Figure 4: BIM downregulation via miR-138 confers TMZ resistance to glioma cells. (A) Immunoblot for BIM detection in LN-18, LN-229 and LN-308 parental versus resistant (R) cells (B) and in LN-308 or LN-229 cells transfected with miR-138 mimic, inhibitor or the respective control (100 nM); lysates were collected 72 h post-transfection. Quantification of protein bands was performed by densitometry, and the values stated under each band represent the normalized value to the corresponding loading control signal. (C) Luciferase reporter assay in LN-308 cells co-transfected with psiCheck2 empty vector, psiCheck2_Bim vector or one of the three mutant control vectors (psiCheck2_mut1, psiCheck2_mut2 and psiCheck2_mut3) and miR-138 mimic or control (transfection performed with 100 ng vector and 100 nM mimic/control concentration). Left panel: schematic of the two miR-138 binding sites in the 3′UTR region of the BIM mRNA, and the content of each vector construct (red cross represents mutation in the recognition site). Right panel: representative luciferase reporter assay. (D) siRNA-mediated silencing of BIM in LN-308 cells confirmed by immunoblot analysis (siRNA concentration: 100 nM). (E) Clonogenic survival assay after TMZ exposure of LN-308 cells transfected with two different siBim constructs (siBim1 and siBim2) or with siControl (siCtrl) (100 nM). (F) Clonogenic cell survival assay after TMZ treatment (37.5 μM) in combination with ABT-737 (3.3 μM) or DMSO of siBim1 or siControl transfected LN-308 cells. All values were normalized to siCtrl cells treated with DMSO (solvent control) and TMZ-untreated cells.
TMZ treatment does not induce acute apoptosis, but modulates expression of Bcl-2 family proteins
BIM belongs to the BH-3 only group of pro-apoptotic Bcl-2 family members and is a direct regulator of the intrinsic cell death pathway. To assess whether TMZ protection of glioma cells by miR-138 over-expression or by BIM silencing involves cell death regulation, we performed flow cytometry cell death analysis by Annexin V/PI staining at days 1 and 3 after TMZ treatment. The overall amount of cell death induced by TMZ was low (up to 10% on day 3). Still, miR-138 mimic or siBim -transfected cells showed reduced cell death upon TMZ stimulation at day 3 (Figure 5A), suggesting that regulation of apoptosis via miR-138 and BIM is only partially involved in acquired TMZ resistance. In order to assess induction of apoptosis by a complementary approach, we checked for caspase 3 cleavage on protein level in LN-308 cells treated with TMZ, using staurosporin as a positive control. We failed to detect caspase 3 cleavage after a short period of TMZ treatment (1–2 days), as well as after an extended period of 4–8 days (Figure 5B). Next we investigated the protein levels of the pro-apoptotic protein BIM and of the anti-apoptotic Bcl-2 family members Bcl-2, Bcl-xL and Mcl-1 after TMZ treatment. Interestingly, protein levels of Bcl-2 and Mcl-1 increased as early as 1 day after TMZ treatment, and in the case of Bcl-2, the protein levels were further elevated at later time points (day 2–8). BIM levels, however, decreased dramatically already after one day of TMZ treatment and remained constantly down up to 8 days after stimulation (Figure 5B), indicating an induction of a pro-survival signaling pathway mediated by the anti-apoptotic protein stabilization as well as BIM degradation rather than apoptotic cell death.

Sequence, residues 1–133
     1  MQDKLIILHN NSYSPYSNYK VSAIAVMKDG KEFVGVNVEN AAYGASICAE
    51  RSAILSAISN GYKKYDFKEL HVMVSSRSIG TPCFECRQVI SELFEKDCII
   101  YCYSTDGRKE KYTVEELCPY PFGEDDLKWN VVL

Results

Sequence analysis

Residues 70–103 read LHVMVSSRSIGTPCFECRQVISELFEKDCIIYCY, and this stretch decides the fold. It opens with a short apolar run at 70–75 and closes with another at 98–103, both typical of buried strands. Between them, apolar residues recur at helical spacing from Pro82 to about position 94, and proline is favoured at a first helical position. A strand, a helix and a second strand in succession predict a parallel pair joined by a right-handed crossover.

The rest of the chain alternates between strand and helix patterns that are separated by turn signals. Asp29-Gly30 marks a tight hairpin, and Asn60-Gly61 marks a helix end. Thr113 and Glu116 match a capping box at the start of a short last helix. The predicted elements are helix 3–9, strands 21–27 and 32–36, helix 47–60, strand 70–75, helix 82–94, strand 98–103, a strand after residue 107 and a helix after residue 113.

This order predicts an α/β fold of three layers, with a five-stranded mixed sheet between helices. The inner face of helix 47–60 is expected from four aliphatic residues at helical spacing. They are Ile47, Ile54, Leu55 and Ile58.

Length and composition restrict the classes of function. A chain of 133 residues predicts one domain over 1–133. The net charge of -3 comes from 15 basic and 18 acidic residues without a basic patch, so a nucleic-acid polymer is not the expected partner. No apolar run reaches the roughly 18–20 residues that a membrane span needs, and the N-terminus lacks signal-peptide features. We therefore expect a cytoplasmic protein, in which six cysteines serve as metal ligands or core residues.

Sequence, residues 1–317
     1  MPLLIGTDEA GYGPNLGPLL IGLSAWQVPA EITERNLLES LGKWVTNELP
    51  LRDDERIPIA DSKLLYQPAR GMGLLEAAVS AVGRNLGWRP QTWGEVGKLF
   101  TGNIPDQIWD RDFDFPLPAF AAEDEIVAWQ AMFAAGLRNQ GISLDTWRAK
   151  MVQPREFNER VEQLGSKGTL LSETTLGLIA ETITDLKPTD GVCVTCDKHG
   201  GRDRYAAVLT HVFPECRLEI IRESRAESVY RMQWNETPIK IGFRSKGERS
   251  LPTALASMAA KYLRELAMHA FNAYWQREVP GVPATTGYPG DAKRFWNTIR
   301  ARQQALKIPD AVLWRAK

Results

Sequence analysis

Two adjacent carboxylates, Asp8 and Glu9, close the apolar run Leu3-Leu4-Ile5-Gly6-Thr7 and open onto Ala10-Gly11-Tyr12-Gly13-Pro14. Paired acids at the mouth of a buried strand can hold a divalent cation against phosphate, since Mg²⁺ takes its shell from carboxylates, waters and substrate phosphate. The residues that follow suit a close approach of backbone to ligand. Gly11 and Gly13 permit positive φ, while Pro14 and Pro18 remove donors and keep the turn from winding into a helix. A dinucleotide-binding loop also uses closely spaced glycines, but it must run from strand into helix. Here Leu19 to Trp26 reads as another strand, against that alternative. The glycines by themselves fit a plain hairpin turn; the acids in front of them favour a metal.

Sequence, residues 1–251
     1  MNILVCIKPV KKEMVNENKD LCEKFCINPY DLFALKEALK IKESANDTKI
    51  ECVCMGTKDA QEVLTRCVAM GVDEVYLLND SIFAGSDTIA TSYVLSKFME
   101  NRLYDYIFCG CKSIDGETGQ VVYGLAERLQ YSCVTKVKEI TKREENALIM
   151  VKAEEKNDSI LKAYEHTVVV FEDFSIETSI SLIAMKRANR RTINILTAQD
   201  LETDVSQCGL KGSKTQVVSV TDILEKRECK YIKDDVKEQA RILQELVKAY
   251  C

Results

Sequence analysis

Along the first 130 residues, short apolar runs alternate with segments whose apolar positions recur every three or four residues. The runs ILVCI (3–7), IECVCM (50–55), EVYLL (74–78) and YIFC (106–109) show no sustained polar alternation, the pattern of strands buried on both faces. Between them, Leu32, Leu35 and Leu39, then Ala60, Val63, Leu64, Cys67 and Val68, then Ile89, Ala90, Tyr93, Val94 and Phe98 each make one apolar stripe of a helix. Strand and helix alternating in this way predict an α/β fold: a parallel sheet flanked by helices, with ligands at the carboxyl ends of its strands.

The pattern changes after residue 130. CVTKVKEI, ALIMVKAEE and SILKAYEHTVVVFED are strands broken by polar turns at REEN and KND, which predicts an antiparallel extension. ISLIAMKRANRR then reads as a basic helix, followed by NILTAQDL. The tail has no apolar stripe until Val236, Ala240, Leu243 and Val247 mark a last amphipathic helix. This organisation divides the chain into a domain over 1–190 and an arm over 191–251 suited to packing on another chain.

Figure 5: TMZ and miR-138 induce little apoptosis but cytoprotective autophagy. (A) Annexin V/PI flow cytometric analyses of LN-308 mim-138/control (left panel) or siBim/control (right panel) transfected cells treated with TMZ (100 μM) 1 and 3 days later. (B) Immunoblot analysis of cleaved caspase 3 (Casp-3) levels in LN-308 cells at different indicated time points after DMSO (vehicle control), TMZ (100 μM) or staurosporin (Stauro, 2 μM) stimulation (left panel), and of Bcl-2, Bcl-xL, Mcl-1 and BIM levels in LN-308 cells at different indicated time points after DMSO (vehicle control), TMZ (100 μM) or staurosporin (Stauro, 2 μM) stimulation (middle panel, right panel). (C) Immunoblot analysis of LC3 A/B I and II levels in LN-308 cells at different indicated time points after DMSO (vehicle control), TMZ (100 μM) or staurosporin (Stauro, 2 μM) stimulation (left panel); immunoblot analysis of LC3 A/B I and II levels and BIM levels in LN-308 and LN-308_R cells; LN-308 cells were transfected with siCtrl or 4 different siBim molecules (100 nM), and mimic-ctrl (mim-ctrl) or mimic-138 (mim-138) molecules (50 nM), and cell lysates were collected 72 h after transfection (right panel). Quantification of protein bands was performed by densitometry for BIM levels in mim-ctrl and mim-138 transfected cells; values representing the normalized value to the corresponding loading control signal were 1.38 for mim-ctrl and 1.14 for mim-138, respectively (D) Clonogenic survival assay after TMZ exposure of LN-308 cells treated with the autophagy inhibitor 3-MA (2 mM) or solvent control.